Fortunately, I don’t need any more time to share my hot take: The iPad beats out even the Pro model in two regards. The first is Apple’s own accessories. During Apple’s press release frenzy last week, the company unveiled a new Magic Keyboard Folio specifically for the 10th-gen iPad. Not only does the $250 casing come with an adjustable kickstand, but it also comes fitted with a 14-key function row for shortcuts — both of which are not available on the Pro’s Magic Keyboard cover.

The second area where the regular iPad edges out the Pro is camera placement. Now, I’ve already shared the hypothetical reasoning behind why Apple was able to situate the new iPad’s front camera where it is, but generally speaking, it really does bring an improvement to how you’re presented in video calls and photos.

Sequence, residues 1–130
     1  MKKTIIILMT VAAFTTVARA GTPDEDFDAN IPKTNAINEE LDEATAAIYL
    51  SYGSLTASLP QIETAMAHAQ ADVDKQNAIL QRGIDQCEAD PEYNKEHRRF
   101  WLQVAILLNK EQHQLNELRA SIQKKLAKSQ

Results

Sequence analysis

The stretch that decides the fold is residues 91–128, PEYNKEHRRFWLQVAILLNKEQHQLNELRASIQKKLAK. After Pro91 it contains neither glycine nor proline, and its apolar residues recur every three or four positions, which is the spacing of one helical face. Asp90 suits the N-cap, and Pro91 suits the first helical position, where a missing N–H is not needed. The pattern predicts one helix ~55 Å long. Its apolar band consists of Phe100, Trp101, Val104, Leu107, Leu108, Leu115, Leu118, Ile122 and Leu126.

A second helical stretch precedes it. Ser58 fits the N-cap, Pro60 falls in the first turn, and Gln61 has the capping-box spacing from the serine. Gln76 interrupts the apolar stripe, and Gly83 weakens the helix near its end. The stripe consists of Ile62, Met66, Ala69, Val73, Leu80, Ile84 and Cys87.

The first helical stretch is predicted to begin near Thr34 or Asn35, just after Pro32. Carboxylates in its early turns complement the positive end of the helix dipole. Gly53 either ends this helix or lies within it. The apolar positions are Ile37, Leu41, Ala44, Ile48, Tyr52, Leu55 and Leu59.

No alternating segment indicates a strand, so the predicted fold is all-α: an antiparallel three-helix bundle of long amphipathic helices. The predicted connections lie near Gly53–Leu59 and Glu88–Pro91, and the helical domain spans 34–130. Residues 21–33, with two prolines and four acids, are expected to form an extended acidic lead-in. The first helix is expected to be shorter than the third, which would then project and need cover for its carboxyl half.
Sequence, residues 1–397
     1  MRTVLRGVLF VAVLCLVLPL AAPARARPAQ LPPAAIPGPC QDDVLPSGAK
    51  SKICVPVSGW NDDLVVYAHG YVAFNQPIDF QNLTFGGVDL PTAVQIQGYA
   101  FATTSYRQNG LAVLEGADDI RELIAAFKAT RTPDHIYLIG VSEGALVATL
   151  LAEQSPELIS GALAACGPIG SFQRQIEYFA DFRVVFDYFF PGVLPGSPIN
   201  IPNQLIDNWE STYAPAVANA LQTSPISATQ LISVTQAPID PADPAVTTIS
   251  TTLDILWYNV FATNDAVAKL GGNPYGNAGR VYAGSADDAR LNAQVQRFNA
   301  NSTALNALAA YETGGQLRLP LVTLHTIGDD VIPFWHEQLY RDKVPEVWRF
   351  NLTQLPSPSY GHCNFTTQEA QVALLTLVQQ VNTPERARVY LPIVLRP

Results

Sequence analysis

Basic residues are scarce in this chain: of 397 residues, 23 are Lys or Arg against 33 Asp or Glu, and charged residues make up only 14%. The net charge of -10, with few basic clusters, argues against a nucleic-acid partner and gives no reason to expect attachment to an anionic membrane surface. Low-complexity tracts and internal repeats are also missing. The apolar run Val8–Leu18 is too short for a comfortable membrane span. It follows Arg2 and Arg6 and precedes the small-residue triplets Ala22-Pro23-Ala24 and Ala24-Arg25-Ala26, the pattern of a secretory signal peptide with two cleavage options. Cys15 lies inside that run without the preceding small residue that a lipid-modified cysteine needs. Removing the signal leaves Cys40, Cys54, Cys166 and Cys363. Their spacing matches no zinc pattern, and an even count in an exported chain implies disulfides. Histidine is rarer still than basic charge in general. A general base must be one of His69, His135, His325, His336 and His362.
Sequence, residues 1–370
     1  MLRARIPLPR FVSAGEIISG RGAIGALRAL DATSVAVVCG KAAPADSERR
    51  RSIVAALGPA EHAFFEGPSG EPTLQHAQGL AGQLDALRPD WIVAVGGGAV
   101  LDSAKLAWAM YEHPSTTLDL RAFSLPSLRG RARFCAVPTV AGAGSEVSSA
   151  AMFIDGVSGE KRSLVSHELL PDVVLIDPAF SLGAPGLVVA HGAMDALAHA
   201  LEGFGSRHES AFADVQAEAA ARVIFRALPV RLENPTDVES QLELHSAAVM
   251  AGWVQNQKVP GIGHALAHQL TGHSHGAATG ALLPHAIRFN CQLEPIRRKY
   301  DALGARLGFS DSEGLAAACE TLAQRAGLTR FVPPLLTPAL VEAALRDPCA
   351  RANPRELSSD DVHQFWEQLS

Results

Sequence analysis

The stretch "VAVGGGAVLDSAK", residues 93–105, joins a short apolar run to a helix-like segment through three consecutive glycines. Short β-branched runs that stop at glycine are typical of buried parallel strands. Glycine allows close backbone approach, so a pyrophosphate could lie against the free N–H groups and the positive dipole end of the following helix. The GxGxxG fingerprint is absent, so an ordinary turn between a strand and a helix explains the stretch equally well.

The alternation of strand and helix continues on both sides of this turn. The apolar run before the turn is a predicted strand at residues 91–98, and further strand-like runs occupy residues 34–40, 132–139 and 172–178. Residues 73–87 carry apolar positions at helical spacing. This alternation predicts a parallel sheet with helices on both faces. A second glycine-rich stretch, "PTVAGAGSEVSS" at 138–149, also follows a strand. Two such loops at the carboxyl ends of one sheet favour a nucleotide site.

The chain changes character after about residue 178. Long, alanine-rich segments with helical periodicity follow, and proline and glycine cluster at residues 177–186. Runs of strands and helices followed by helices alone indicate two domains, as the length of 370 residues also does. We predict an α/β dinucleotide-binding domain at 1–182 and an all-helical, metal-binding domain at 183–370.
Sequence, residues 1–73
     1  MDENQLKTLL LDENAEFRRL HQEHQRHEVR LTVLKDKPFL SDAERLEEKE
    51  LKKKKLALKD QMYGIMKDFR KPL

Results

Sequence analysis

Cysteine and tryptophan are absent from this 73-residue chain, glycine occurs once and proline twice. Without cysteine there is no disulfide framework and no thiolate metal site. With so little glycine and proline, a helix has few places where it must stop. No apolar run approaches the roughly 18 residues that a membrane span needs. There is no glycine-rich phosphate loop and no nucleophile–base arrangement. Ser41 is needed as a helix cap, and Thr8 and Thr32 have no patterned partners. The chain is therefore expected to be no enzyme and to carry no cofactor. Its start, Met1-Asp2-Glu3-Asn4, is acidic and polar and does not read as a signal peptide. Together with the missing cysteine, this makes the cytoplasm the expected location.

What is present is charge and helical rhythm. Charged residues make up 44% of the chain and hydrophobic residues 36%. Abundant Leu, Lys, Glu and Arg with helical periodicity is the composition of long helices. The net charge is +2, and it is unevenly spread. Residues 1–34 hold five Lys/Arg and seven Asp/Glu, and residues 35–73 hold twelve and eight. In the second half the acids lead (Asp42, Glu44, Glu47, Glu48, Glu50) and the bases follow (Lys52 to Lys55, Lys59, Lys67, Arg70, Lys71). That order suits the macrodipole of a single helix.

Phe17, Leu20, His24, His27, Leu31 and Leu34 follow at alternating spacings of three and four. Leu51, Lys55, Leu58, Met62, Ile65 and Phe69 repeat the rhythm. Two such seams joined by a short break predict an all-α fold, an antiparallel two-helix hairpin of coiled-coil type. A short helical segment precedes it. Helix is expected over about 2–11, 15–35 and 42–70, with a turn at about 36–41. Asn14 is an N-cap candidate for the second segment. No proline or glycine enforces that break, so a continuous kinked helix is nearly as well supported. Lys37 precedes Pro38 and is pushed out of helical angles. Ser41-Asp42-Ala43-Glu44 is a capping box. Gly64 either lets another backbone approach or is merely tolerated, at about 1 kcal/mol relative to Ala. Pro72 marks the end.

Naturally, every video begins with you at the center, wide angle or not. Your figure is not disoriented or appears as if the camera is positioned to your side like on the iPad Pro. Considering how likely you are to use this iPad for FaceTiming with family, virtual lectures for class, and collaborating during work meetings, this simple hardware design makes all the difference for the greater good.

Buy the iPad (10th Gen, 2022)

$449 at Amazon

More to come

Obviously, the elephant in the room with this year’s iPad is its price. $449 is not a small ask, especially when compared to the $329 iPad (9th Gen) that Apple still sells. If you’re shopping on a budget, the latter should make the most sense — Apple clearly thinks that, too. But I can’t help but compare the new iPad to the rest of the ensemble, all of which remain pricier and, in several aspects, are not as good as the vanilla model. That said, I’ll be testing the tablet some more and sharing my conclusive thoughts in the upcoming review.